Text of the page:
Health & Wellness

Finding your sitz

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An interesting thing happens when you talk to physiotherapist Maureen Ryan about her work – you feel yourself sitting up straighter. 

Hearing her speak about the benefits of finding your sit or sitz bones – the ones at the bottom of the pelvis so beloved by yoga teachers – and anchoring your feet firmly on the floor, makes you all too aware that your posture could be affecting your wellbeing. 

That’s especially true for those who spend all day looking at a computer screen; something many of us now do at home since Covid-19 changed our working habits. 

Ms Ryan, who opened Myotherapy Centre in Hamilton in 1996, helped clients make the sudden change of environment work for their bodies during the early weeks of the pandemic. 

Her advice then was simple: “The set-up for everybody is pretty straightforward, as far as we just want to ensure that our spine is aligned, that the weight of our head is over our shoulders and the weight of our shoulders is over our pelvis. 

“So just like building a house with a foundation, you want to have a stable foundation. If you can find those sitz bones and rock on them, you are going to put your pelvis in a neutral posture. If you get that part right, everything else will fall in synch.” 

She tells clients that ideally, even if using a laptop, they should try to connect it to a raised monitor. 

Very important is “having eyes on the horizon to be able to look out at a monitor with about a two-inch clearance and having our monitor about an arm’s length away”. 

During the 2020 lockdown, many office dwellers found themselves sitting cross-legged on the floor, bed or couch to work, and that’s not necessarily a bad thing, believes Ms Ryan, so long as the principle of alignment is applied. 

“Many cultures sit cross-legged all day and it’s great for our hips,” she says. “It prevents, I believe, more hip replacements from happening, when we are not in that standard chair all day long. 

“Even if you want to sit cross-legged on the bed, awesome, but can you raise your laptop such that your wrists are a little bit lower than your elbows and can you then look out with your eyes to have a monitor that would be high enough, because a lot us can sit very easily in that posture, so go for it.” 

Ms Ryan thinks the shift to remote working may mean people are sitting at their desks for longer than before, as the boundaries between professional and personal lives blur. 

“They’re not getting up to go for a walk at lunchtime or going up to the third floor to go to the boardroom for a meeting,” she says. 

She suggests frequent breaks, however good your posture.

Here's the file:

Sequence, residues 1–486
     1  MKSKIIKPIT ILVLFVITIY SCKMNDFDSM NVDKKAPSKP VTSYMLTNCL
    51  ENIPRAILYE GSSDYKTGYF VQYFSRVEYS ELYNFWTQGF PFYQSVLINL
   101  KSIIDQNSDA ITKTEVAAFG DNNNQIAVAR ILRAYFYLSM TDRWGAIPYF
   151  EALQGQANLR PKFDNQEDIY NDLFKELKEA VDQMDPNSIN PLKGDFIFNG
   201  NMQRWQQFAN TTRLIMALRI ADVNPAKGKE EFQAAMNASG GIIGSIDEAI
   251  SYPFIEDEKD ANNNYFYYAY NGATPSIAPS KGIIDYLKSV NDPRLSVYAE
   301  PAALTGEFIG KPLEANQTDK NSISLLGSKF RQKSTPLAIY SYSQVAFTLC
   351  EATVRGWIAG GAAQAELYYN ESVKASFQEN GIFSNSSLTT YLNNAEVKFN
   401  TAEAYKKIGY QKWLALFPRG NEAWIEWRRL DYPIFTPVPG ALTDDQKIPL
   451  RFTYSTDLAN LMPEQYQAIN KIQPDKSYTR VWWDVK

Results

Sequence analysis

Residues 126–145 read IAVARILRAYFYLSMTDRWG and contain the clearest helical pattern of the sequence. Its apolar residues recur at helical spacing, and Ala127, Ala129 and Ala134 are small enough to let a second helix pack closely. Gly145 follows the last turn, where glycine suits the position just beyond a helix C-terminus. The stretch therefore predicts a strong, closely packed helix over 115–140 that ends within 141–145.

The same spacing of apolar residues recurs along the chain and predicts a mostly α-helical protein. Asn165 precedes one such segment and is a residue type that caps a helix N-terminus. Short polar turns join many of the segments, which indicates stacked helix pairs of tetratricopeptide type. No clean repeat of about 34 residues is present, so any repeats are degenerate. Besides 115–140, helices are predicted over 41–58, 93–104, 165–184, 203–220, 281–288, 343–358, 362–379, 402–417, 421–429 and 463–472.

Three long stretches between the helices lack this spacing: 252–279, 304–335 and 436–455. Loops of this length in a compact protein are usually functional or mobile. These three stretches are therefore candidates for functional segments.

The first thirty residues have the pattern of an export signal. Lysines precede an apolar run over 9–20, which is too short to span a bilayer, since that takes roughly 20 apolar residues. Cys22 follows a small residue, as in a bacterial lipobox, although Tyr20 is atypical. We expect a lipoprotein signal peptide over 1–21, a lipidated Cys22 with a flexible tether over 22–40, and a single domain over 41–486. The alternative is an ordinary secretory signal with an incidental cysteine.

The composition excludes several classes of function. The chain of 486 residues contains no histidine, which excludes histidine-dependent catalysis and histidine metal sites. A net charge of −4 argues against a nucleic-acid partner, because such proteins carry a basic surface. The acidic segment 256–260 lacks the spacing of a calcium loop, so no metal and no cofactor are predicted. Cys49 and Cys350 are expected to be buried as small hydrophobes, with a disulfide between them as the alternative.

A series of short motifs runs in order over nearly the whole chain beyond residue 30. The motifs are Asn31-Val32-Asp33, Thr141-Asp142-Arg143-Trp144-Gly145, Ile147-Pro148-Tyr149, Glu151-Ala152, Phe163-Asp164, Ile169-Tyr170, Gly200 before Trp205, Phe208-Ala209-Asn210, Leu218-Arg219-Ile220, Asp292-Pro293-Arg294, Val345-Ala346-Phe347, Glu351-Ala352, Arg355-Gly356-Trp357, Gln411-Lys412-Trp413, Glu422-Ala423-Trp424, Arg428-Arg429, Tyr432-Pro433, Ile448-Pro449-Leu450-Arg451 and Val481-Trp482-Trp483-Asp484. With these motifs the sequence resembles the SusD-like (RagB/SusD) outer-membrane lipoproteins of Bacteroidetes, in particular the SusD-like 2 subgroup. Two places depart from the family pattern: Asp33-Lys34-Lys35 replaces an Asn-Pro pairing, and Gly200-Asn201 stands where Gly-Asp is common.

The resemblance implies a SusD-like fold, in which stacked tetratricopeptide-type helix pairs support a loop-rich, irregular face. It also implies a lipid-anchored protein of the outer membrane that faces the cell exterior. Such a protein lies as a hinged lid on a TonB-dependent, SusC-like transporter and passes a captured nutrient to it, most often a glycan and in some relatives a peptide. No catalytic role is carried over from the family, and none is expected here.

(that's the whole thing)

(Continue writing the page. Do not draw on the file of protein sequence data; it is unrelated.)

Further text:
“Move the body, even for 20 seconds every 20 minutes, or just every hour for about a minute, just getting yourself up,” she advises, adding that looking away from the screen and changing the focus of our eyes regularly is crucial. 

Ms Ryan sees white collar workers with neck and back problems caused by bad posture during prolonged periods of sitting. 

But after the first lockdown lifted, she also had an influx of patients with blue collar jobs. 

“Plumbers, carpenters, people who make a living very physically, within the first week or two were reaching out because they were physically having injuries they’d never had before,” she says. 

“People went from doing absolutely nothing and maybe enjoying themselves and relaxing to, boom, they weren’t just back at work, but they were back at work with this backlog. 

“That whole ‘form follows function’ is something that we know, and if our form has not been so active and then we jump into function, there’s going to be that adjustment.” 

The treatment she offered included myofascial release. 

“Myo is Latin for muscle and fascial is just a medical word for connective tissue,” explains Ms Ryan, who trained at Dalhousie University in Nova Scotia and has degrees in kinesiology and physiotherapy. “[It’s] this web of tissue that basically holds us together. 

“It can be released when we apply pressure to it. So as a myofascial release therapist, applying pressure to the body … allows the tension to unhook itself, to unwind itself, to release in a way that’s going to serve you best.” 

Many people stuck at home during the pandemic began following personal trainers on social media sites, suddenly launching into vigorous exercise routines. 

“The workouts I think for the most part were actually quite good and really helped lift the mind and body,” says Ms Ryan. 

“But then we also know that if we don’t stretch at the end of a workout, especially if it’s been intense, the muscle soreness later creeps in.” 

She advises always stretching after a workout and suggests that those continuing with online exercise classes seek an instructor who can actually see them, in order to give feedback and ensure good form. 

Ms Ryan ran her own free online therapeutic stretching sessions during 2020 to try to prevent people getting injured, as well as to help clients manage their stress. 

“It’s there in the science to show that if we go into a state of uneasiness … that’s going to put the physical tension in our body, so then we’re going to end up more tight,” she explains. 

“Even if we have the most awesome posture, if we’re not holding that posture with a bit of grace, with a bit of ease, then there’s not going to be that flow of life, that flow of energy, and that, in of itself, can cause issues.” 

The best exercise regime, according to Ms Ryan, is one we enjoy. 

“If you hate the gym, don’t join the gym,” she laughs. “Listen to your body, listen to what serves you. 

“We’re not going to continue the activity if we don’t like it. There’s got to be a joy factor.” 

Myotherapy Centre is at Suite 307, International Centre, 26 Bermudiana Road, Hamilton. Call 295-8003 or email myotherapycentre@gmail. com. 

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